Monday, April 17, 2017

Test Photos - Tamron 28mm f2.5 Adaptall-2

The Tamron 28mm f2.5 lens (model 02B) with the Adaptall-2 mount system is a lens I have owned since 1986. The lens was made in Saitama, Japan by the Tamron Co., LTD.

I purchased it at the time for my Yashica FX-70 35mm camera.  I finally decided to give it a try on my Samsung NX1 using a C/Y (Contax/Yashica) to NX adapter (see photo below)

Below are the some specifications I found at (click link for additional details on this specific lens:

I went out for a walk around the neighborhood about 1-1/2 hours before sunset. There were thin clouds obscuring the sun at times, but it poked-through for some of these photographs.

All the photographs shown here were "as-taken" JPEG's. There was no post editing with the exception of resizing from the large 23.4 megapixel APS-C sensor resolution.  All photographs were handheld and no filters were used, except where noted below the photo with the settings.

Note: I did not record the aperture settings, but I stayed within a range of f5.6 to f11 for this series

1/80 sec   /   ISO100   / EV 0

1/125 sec / ISO100 / EV 0

1/125sec / ISO100 / EV 0

 1/125sec / ISO100 / EV 0

 1/125sec  / ISO100 / EV 0

 1/125sec   /   ISO100   / EV 0 

 1/125sec  / ISO100 / EV 0

 1/125sec  / ISO100 / EV 0

 1/125sec  / ISO100 / EV 0

 1/125sec / ISO100  / EV 0

1/125sec / ISO100 / EV 0

  f/5.6   /  1/160sec / ISO100 / EV 0 / 0.9 ND Filter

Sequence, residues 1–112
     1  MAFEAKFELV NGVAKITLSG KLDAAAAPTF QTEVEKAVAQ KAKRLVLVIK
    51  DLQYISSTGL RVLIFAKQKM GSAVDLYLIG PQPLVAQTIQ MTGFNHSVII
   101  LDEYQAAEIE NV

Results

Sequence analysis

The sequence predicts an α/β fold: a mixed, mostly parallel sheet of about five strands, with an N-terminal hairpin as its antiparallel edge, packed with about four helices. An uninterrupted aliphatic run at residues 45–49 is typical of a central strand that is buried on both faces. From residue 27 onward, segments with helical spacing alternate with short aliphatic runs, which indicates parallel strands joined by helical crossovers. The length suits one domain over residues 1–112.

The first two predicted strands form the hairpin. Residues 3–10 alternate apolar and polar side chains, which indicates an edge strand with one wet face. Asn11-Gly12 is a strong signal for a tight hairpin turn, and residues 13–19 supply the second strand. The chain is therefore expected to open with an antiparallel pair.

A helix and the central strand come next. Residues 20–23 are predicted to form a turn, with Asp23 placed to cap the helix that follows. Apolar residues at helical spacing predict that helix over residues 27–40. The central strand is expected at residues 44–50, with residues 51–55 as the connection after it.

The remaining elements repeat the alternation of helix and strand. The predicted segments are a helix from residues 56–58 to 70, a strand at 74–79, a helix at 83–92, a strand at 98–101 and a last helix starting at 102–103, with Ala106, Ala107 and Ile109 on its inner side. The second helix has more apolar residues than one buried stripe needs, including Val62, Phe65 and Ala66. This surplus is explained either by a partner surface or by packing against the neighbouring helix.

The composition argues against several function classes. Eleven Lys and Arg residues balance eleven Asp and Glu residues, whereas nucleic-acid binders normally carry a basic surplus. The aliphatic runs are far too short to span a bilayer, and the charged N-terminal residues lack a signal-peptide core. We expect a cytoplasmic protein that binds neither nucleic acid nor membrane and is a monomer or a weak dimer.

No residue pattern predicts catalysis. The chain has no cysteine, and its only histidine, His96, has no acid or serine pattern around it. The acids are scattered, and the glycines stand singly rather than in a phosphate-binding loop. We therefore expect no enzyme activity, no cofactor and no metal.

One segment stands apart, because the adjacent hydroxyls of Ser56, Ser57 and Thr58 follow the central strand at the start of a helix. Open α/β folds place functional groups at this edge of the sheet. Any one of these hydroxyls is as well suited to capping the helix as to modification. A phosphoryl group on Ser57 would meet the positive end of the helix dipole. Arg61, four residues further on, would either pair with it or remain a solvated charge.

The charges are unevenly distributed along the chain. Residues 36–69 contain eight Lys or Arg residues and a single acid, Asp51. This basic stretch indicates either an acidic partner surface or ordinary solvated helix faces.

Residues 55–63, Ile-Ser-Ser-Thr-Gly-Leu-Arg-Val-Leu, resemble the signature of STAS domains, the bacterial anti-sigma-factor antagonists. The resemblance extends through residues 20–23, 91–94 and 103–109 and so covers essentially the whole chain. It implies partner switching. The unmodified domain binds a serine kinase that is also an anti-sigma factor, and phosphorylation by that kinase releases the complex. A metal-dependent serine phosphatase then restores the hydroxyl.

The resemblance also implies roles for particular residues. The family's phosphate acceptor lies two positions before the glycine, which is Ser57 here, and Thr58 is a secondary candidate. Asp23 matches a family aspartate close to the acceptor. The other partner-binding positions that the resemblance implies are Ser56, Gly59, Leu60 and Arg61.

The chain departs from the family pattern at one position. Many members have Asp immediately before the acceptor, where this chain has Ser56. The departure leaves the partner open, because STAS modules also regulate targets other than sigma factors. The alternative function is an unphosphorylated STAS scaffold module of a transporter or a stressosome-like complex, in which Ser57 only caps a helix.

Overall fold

f/11   /  1/160sec   /   ISO100   / EV 0

F5.6 + half-stop / 1/50sec / 0EV / ISO100 / 0.9 ND Filter

Note: It was interesting to find out that this lens had a minimum aperture setting of f32.  I want to go back out in full sun and photograph this essentially "pin-hole" setting.  I will post these photographs when available.

Additional information links:

Sunday, April 9, 2017

Test Photos...SMC PENTAX-M f1:2 50mm ASAHI OPTICAL CO

The SMC PENTAX-M 50mm f2 ASAHI OPTICAL CO (Pentax) is a prime lens made in Japan sometime in the late 70's to early 80's. I found this lens in a used record store display of vintage electronic equipment for $10.  A nice find.  The glass is free of damage and mechanically defects.

I added an inexpensive Pentax-to-NX mount adapter and set the Samsung NX1 camera mode to "manual" in order to take photographs.  The photo below shows the subject lens attached to the NX1.

Some basic data-information on this lens is provided below and was sourced from the AllPhotoLenses website. Here's the link:

The following photographs were taken as initial test images to check on the working condition of the lens and if there are any visual defects.  The images below are shown "as-photographed" without editing, adjustments or effects with the exception of a size reduction down from the 23.4MP internal capture.  Camera settings are listed below each photographs along with any comments.

                 1/400sec / ISO100 / -0.3EV / f2.8

                                     1/400sec  /  ISO100  /  -0.3EV  / f2.8 

                1/400sec  /  ISO100  /  -0.3EV  / f2.8

               1/400sec  /  ISO100  /  -0.3EV  / f5.6

               1/400sec  /  ISO100  /  -0.3EV  / f5.6

             1/400sec  /  ISO100  /  -0.3EV  / f5.6

              1/500sec  /  ISO100  /  -0.3EV  / f4

               1/500sec  /  ISO100  /  -0.3EV  / f5.6